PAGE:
Poor HR management cost Air India Rs 17 crore, says CAG

Poor HR management cost  Air India Rs 17 crore, says CAG

Air India may be looking at the government for more money for a “turnaround” but it seems the financially troubled national carrier cannot stop finding ways for wasteful expenditure.

Faulty human resources management at Delhi, which was developed as AI’s hub in November 2010, has cost the company an extra Rs 17.17 crore. The loss happened during 2011-12 and 2012-13, the CAG report tabled in Parliament last week has said.

“This was possible to have been corrected by the company through suitable human resource measures. This assumes greater importance in view of the present financial difficulties being faced by the company and emphasis laid by the government on rationalisation of costs for a turnaround,” it said.

The airline has to maintain a required strength of cabin crew at Delhi and Mumbai to operate international flights. With Delhi becoming its hub, Air India had to increase the number of crew in Delhi for smooth operations. Sixty-seven per cent of international flights originated from Mumbai prior to the declaration of Delhi as its hub but it came down to 48 per cent after November 2010.

Crew movement


The services from Delhi rose from 33 per cent in October 2010 to 54 per cent in March 2013 but the crew maintained at Delhi did not increase to the extent required over the same period. This “necessitated” crew movement from Mumbai to Delhi.

“The Mumbai-based crew travelled as Staff on Duty (SOD) to Delhi one day before flight duty, stayed in a hotel to provide one clear night and operated the flight the following day, incurring additional expenditure. Following completion of duty, the crew either returned to Mumbai the same day or after a stay in Delhi for one or two days which added to the deadhead cost,” the CAG found.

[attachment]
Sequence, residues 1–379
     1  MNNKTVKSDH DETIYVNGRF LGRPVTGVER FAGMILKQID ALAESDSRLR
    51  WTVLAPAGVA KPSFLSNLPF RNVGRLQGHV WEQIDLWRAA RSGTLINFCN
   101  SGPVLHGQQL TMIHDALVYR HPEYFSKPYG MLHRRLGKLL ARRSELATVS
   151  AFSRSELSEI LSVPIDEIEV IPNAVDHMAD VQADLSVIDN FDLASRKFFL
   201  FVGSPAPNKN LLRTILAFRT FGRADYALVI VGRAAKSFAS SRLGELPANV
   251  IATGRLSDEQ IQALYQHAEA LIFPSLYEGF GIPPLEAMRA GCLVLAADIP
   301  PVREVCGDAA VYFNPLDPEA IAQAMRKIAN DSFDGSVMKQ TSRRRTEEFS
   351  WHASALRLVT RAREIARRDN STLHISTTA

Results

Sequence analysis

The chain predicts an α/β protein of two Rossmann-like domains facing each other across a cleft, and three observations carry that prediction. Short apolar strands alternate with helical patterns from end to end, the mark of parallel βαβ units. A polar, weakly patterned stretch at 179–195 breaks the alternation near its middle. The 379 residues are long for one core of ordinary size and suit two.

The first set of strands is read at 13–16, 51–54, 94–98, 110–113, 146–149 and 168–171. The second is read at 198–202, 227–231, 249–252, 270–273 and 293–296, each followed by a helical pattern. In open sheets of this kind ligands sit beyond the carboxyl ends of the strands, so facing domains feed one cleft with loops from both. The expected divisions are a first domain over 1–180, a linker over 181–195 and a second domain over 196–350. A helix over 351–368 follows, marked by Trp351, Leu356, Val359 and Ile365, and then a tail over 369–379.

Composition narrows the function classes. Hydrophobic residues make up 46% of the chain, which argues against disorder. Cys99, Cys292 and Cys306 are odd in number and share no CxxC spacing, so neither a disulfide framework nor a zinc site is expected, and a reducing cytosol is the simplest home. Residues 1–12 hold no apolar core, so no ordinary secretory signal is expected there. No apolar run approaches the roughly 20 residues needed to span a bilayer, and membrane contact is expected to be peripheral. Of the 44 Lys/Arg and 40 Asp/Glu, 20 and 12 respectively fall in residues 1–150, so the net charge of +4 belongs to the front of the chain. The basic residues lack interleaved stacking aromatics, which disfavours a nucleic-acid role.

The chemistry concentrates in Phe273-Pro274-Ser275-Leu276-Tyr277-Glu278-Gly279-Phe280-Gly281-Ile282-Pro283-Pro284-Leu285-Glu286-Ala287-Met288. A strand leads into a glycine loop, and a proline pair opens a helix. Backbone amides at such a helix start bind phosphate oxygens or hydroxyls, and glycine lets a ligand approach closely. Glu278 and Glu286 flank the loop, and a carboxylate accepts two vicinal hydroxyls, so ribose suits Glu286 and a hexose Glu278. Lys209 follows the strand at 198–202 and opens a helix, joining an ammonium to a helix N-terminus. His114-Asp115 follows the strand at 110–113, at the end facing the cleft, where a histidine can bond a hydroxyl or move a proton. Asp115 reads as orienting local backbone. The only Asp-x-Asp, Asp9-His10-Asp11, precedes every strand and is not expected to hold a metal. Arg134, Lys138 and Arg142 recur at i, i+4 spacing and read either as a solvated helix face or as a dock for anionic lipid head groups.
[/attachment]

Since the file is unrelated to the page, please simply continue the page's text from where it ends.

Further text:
A scrutiny showed that AI’s Mumbai-based crew undertook SOD travel of 64,795 flying hours in the two years under audit. Besides, the allowances to the crew and other expenditure related to their stay, the CAG said the airline lost money as seats on which the crew travelled were not available for passengers on a busy route like Mumbai-Delhi.


New Dreamliners


In another instance of poor resource management, the CAG said 42 per cent of trained crew for newly inducted Dreamliners were from Mumbai when all the services were from Mumbai.


Defending itself, Air India said it could not transfer personnel to Delhi in the absence of a “clear transfer policy”, which is being worked out. It also said that deadhead cost was common and conforms to regulations and it was neither “feasible nor economical” to have bases at many locations to curtail deadhead cost.

However, the CAG was not impressed with the airline and said this situation was avoidable though some deadhead cost would have occurred anyway.

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